South Africa must reject being GM pharm testing ground (16/7/2004)
Published in the Cape Times Letters, Friday 16 July 2004.
Your article on the possibility of growing "pharmed" crops (Pg. 3, July 13) in South Africa requires comment. The idea of using South Africa as a base to produce these genetically engineered plants, altered to produce pharmaceutically active compounds, raises several questions.
Firstly, has anybody bothered asking South Africans what they think? There is deep disquiet about our government's robust support of biotechnology and particularly against genetically modified (GM) food crops.
The suggestion, as set out in the article, that pharmaceutical compounds would be engineered into food crops, is something that would be strongly opposed by most rational South Africans, scientists and citizens alike. Even were these to be grown in strictly contained conditions, the risks remain excessive. Two cases of contamination of food crops by pharmed products in the US last year nearly allowed the release of an untested pig vaccine into the food supply, according to the journal Nature Biotechnology. Spurious internet adverts have been posted looking for growers for such crops and responses have reportedly been received from South African farmers.
When and if such plant based vaccines are developed - lets not forget this is an industry that is driven by hype and hubris and we appear to be a long way from an AIDS vaccine in any form - they must be grown in plants from a non-food species. Additionally such plants should be grown outside their natural habitat to prevent any gene flow. These are the minimum steps fundamental for a secure biosafety regime.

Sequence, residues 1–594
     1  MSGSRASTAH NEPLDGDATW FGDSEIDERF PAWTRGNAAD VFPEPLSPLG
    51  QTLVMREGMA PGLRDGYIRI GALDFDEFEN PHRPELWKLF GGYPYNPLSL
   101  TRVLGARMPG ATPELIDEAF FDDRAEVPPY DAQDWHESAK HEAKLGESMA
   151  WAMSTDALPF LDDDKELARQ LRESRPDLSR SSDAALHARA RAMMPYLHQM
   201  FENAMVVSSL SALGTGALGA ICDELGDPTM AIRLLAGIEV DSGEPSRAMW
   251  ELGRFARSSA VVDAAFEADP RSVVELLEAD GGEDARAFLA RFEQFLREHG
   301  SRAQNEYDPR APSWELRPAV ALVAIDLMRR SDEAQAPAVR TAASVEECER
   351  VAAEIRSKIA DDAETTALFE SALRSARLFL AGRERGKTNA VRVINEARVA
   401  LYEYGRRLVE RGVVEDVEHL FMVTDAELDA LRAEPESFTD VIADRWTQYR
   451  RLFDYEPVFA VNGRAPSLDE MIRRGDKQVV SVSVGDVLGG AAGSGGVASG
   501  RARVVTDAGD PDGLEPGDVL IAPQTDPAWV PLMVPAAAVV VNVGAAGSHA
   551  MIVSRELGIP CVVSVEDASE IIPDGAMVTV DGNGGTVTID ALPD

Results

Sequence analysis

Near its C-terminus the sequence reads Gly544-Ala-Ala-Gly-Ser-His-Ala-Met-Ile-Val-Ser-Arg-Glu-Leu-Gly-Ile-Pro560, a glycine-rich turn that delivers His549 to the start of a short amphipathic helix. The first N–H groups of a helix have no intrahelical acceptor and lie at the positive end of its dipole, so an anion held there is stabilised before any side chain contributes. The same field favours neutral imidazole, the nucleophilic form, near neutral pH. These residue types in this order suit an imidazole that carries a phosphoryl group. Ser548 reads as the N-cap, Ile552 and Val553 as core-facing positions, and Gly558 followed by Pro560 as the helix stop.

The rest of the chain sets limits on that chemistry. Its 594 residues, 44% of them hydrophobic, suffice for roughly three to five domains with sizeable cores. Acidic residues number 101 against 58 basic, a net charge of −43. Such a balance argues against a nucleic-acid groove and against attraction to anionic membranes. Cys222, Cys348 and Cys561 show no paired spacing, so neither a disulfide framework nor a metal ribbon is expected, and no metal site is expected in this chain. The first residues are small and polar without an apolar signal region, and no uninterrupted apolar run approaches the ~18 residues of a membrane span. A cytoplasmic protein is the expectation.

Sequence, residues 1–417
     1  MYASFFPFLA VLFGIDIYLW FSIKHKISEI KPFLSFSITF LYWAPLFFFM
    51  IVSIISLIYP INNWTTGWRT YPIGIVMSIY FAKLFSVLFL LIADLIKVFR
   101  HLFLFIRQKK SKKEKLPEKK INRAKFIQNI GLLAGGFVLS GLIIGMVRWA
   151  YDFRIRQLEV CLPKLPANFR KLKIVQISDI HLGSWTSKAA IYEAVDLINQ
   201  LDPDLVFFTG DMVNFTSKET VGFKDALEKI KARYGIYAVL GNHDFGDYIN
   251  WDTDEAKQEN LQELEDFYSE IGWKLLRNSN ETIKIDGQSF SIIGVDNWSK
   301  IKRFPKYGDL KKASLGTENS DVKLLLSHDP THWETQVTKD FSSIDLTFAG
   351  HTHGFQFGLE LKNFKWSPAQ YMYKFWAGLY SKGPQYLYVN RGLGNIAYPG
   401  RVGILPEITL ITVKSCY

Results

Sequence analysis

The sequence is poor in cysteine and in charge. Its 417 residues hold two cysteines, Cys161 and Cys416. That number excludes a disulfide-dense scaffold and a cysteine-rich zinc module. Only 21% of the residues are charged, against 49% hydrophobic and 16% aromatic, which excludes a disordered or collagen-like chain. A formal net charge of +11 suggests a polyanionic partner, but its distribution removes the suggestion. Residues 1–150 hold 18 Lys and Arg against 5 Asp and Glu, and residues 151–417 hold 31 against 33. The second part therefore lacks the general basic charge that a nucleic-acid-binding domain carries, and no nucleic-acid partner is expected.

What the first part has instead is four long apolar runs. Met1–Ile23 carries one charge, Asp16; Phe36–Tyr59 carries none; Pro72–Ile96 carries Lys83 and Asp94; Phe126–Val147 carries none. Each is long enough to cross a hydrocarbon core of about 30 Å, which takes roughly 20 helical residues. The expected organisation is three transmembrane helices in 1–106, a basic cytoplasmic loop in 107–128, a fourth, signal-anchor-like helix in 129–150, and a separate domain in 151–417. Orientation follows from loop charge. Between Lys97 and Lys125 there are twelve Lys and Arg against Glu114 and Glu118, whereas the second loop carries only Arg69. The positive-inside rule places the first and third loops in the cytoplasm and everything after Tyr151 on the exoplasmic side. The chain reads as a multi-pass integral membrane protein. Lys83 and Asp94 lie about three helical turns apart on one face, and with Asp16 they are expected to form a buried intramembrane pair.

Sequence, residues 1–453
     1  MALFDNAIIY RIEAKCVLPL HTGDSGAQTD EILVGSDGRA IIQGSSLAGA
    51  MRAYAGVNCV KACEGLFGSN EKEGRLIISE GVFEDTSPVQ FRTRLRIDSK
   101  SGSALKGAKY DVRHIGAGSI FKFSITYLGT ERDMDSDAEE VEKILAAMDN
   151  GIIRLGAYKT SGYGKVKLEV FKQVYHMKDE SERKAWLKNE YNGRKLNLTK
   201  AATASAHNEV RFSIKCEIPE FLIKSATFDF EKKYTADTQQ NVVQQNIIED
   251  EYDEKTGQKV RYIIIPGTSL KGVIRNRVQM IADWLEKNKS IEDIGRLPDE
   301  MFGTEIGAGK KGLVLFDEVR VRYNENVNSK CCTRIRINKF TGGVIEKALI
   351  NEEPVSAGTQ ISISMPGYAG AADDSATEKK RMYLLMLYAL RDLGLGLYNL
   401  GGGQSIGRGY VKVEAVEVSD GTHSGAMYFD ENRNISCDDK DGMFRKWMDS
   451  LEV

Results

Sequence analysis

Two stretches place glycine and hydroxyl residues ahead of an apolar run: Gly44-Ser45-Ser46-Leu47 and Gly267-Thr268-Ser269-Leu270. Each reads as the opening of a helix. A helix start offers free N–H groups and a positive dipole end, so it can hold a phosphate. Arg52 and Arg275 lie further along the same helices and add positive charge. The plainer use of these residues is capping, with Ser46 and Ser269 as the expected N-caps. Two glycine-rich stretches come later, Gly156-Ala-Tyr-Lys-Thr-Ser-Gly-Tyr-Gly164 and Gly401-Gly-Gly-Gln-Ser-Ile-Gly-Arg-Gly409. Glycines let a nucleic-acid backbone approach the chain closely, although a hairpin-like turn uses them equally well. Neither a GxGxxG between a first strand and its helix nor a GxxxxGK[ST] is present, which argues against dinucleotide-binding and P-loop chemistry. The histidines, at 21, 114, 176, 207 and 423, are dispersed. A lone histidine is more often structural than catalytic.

However it should not be necessary to use terrestrial plants at all, as plankton and algae may prove more suitable to use and could be far more readily contained. Production of blue green algae for food is a well-established science and fast growth rates can be achieved. But even this method has serious drawbacks as far as biosafety goes.
But to suggest that we are going to consider growing food crops, altered to produce pharmaceuticals, right here in South Africa is plainly unacceptable. We have an appallingly weak and opaque regulatory regime, that is devised more to facilitate the introduction of GMOs than to regulate them.
This appears to be yet another case of shifting another dirty industry to a developing nation so that we bear all of the risks, while the northern developers reap the genetically engineered fruits. As we have cast off colonialism, so too must we reject its latest iteration; bio-colonialism. Not only does bio-colonialism hold direct threats to our biodiversity but it equally exposes that very diversity to exploitation by wealthy individuals, nations and corporations, leaving us, yet again, to pick up the pieces. Remember; genetic engineering gives pollution a life of its own!
We must firmly tell the CSIR and the John Innes Institute; thanks but no thanks, we choose to keep pharming in containment, where it belongs; in Europe or the USA, where suitable facilities exist. Why should we take this risk with so little to gain?
Neither should we try to bargain for a "good deal" on this one. There is no "good deal". South Africans should reject this entire concept with the contempt it deserves.